CD45, the predominant transmembrane tyrosine phosphatase in leukocytes, is required for the efficient induction of T cell receptor signaling and activation. We recently reported that the CD45-intracellular signals in peripheral blood mononuclear cells (PBMCs) of triple negative breast cancer (TNBC) patients are inhibited. We also reported that C24D, an immune modulating therapeutic peptide, binds to CD45 on immune-suppressed cells and resets the functionality of the immune system via the CD45 signaling pathway. Various studies have demonstrated that also viruses can interfere with the functions of CD45 and that patients with severe acute respiratory syndrome coronavirus-2 (SARS-CoV-2) are immune-suppressed. Given the similarity between the role of CD45 in viral immune suppression and our findings on TNBC, we hypothesized that the C24D peptide may have a similar “immune-resetting” effect on PBMCs from COVID-19 patients as it did on PBMCs from TNBC patients. We tested this hypothesis by comparing the CD45/TCR intracellular signaling in PBMCs from ten COVID-19 patients vs. PBMCs from ten healthy volunteers. Herein, we report our findings, demonstrating the immune reactivating effect of C24D via the phosphorylation of the tyrosine 505 and 394 in Lck, the tyrosine 493 in ZAP-70 and the tyrosine 172 in VAV-1 proteins in the CD45 signaling pathway. Despite the relatively small number of patients in this report, the results demonstrate that C24D rescued CD45 signaling. Given the central role played by CD45 in the immune system, we suggest CD45 as a potential therapeutic target.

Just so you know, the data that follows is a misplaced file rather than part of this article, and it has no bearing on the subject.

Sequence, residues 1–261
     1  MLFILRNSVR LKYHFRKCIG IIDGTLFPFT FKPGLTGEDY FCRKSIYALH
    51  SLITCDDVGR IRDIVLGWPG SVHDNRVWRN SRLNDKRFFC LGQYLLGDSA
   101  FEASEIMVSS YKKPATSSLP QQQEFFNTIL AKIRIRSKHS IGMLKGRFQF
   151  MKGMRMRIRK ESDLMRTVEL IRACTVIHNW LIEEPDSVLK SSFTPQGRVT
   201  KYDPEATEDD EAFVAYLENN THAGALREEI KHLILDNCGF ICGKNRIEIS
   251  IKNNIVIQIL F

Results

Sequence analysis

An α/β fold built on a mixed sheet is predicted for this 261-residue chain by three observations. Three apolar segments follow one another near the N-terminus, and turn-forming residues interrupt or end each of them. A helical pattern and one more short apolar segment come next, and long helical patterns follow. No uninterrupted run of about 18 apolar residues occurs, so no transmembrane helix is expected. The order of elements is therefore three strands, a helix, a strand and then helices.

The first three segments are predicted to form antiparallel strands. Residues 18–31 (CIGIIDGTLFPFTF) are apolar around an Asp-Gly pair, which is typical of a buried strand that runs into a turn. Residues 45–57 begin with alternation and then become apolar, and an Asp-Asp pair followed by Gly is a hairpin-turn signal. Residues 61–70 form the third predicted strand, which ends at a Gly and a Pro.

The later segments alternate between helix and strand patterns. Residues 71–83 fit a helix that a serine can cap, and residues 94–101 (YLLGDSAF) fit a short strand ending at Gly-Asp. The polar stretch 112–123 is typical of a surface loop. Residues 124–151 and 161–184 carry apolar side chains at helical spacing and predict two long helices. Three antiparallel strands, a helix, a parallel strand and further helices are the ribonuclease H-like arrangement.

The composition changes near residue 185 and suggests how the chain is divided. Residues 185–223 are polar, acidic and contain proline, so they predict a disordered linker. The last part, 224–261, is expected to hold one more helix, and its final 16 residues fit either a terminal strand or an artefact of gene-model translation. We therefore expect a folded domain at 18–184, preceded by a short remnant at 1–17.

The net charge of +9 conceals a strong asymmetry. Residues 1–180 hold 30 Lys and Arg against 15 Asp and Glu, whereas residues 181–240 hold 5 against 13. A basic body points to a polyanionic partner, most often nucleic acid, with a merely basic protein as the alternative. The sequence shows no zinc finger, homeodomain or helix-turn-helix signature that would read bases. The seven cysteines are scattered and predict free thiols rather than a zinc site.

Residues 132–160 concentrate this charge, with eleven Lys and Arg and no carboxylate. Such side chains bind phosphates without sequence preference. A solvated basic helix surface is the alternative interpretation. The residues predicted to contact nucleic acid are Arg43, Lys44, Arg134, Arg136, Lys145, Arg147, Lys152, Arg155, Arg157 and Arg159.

- Src family of tyrosine kinases
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